At the end of the afternoon, I’m out with my skis, insufficiently dressed against the zero degree temps, hoping the movement will warm me even as I caution my youngest every day — bring enough clothes.
I ski on the former railroad bed, behind a daycare. Earlier this winter, a new playground was built for the kids, of wood and ramps, and I wonder if some of the federal coronavirus money made its way here. The daycare itself is in the basement of an old building, and so the playground has a kind of bittersweetness, too, a bandaid of a much larger problem.
On the bridge over the river, I pause. Snowmobiles and a groomer have driven through here, and so the skiing is easy. Animal tracks mark the snow down the center of the frozen river. On the bank I ate wild grapes in the late fall. For now, it’s just me and the fresh snow and the sunlight while it lasts, the woodland creatures, the river flowing deep beneath that ice.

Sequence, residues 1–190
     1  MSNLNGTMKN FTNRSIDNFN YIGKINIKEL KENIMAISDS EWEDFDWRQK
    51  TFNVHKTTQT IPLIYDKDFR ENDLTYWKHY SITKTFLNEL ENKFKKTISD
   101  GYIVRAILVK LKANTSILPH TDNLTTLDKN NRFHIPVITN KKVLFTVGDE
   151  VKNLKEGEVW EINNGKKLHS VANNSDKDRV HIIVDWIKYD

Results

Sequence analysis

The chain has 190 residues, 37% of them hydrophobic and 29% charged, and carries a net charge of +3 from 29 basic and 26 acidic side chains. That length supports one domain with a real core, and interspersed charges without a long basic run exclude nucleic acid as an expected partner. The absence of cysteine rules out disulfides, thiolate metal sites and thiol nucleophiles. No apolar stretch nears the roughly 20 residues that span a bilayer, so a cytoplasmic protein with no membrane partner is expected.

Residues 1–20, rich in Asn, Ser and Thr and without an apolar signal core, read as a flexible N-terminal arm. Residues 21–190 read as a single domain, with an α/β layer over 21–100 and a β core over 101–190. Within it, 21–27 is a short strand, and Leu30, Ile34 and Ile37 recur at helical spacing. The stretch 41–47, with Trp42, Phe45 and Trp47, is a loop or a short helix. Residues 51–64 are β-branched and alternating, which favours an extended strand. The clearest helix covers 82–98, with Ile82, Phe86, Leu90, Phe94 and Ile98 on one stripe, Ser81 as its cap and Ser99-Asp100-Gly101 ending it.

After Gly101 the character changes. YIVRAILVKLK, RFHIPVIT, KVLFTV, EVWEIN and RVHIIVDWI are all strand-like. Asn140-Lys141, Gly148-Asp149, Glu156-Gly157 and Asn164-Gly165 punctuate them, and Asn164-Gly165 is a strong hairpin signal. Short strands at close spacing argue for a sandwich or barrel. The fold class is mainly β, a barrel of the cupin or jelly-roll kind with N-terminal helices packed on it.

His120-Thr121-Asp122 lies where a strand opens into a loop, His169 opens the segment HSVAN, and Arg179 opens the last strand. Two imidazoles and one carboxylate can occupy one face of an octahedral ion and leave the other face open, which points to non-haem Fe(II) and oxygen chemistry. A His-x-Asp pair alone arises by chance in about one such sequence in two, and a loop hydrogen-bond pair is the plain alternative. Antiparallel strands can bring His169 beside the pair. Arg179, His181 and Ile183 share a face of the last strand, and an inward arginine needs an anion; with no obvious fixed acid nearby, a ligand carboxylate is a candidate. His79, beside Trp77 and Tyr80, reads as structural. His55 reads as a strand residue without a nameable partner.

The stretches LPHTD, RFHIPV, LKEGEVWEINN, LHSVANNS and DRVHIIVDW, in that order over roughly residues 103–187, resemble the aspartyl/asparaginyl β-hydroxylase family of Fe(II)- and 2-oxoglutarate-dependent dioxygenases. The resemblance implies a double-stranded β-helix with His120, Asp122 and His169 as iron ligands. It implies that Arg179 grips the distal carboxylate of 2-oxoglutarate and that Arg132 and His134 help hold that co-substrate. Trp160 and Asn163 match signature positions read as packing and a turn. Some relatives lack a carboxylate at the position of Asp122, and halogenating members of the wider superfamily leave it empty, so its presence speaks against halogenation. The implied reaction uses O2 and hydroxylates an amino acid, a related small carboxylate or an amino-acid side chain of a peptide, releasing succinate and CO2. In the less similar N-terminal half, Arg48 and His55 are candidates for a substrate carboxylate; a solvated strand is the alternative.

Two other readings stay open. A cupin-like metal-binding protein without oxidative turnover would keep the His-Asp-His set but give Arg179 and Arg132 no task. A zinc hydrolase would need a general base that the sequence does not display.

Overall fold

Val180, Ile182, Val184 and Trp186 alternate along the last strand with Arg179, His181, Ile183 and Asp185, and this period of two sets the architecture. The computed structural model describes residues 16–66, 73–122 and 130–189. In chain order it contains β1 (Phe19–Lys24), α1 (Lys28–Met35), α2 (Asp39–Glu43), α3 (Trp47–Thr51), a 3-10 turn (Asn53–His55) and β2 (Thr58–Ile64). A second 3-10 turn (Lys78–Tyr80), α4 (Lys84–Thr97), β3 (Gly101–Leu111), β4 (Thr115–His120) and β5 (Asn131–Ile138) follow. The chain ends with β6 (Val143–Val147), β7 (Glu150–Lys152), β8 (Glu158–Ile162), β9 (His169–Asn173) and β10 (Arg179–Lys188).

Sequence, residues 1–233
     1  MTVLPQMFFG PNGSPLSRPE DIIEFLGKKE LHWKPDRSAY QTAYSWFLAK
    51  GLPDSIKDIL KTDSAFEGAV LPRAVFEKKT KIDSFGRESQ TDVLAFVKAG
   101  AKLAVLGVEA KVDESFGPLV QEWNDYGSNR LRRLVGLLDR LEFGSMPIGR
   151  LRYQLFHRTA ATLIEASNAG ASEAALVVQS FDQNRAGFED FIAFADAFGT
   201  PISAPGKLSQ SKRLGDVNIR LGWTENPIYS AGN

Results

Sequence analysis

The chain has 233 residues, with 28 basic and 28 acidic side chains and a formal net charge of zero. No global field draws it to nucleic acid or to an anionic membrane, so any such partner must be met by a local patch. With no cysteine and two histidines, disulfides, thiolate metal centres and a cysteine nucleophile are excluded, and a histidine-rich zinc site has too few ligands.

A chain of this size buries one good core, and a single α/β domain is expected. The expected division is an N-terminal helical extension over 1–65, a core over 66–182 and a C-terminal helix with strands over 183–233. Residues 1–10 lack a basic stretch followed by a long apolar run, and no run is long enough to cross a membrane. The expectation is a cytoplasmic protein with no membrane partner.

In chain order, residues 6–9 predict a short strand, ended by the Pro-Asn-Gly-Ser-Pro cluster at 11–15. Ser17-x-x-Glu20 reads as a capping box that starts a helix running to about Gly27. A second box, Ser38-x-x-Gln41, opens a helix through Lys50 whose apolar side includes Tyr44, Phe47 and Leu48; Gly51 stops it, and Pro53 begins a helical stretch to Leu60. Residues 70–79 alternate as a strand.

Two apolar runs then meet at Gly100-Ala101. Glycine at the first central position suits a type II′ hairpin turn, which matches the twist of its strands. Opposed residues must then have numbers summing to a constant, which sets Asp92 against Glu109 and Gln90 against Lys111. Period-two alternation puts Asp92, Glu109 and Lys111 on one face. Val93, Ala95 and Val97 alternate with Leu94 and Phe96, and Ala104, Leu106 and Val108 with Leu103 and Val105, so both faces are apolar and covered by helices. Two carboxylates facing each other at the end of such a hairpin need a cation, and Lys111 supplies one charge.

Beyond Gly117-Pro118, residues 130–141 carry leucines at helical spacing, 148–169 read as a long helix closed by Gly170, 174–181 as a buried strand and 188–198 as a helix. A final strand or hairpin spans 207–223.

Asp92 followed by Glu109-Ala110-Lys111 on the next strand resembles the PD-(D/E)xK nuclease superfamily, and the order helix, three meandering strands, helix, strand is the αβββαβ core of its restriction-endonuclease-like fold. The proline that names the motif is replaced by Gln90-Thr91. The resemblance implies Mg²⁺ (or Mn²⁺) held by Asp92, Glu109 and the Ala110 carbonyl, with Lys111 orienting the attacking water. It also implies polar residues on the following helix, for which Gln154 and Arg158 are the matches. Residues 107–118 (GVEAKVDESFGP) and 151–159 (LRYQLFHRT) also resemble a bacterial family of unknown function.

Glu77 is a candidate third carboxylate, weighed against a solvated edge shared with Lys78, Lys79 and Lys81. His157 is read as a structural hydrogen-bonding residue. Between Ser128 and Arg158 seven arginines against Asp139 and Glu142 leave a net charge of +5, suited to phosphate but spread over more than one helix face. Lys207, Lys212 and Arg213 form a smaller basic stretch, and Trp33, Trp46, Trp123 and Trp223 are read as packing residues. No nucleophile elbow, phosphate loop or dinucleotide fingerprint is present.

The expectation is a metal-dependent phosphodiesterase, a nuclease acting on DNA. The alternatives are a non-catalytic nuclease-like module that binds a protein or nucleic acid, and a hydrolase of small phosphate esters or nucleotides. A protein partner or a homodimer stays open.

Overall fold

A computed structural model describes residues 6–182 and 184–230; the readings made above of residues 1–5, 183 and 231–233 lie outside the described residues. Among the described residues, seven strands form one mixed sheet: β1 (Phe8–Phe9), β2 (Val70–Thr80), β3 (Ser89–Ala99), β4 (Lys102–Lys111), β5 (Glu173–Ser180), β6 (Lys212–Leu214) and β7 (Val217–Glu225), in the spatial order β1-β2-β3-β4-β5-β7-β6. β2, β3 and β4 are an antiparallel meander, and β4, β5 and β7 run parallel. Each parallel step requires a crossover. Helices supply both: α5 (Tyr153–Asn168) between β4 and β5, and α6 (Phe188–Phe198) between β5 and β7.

Birds migrate and caribou circle the cold top of the world. Perhaps we migrate between love and suffering, making our wounded-joyous cries: alone, then together, alone, then together. Oh praise the soul’s migration.— Mark Nepro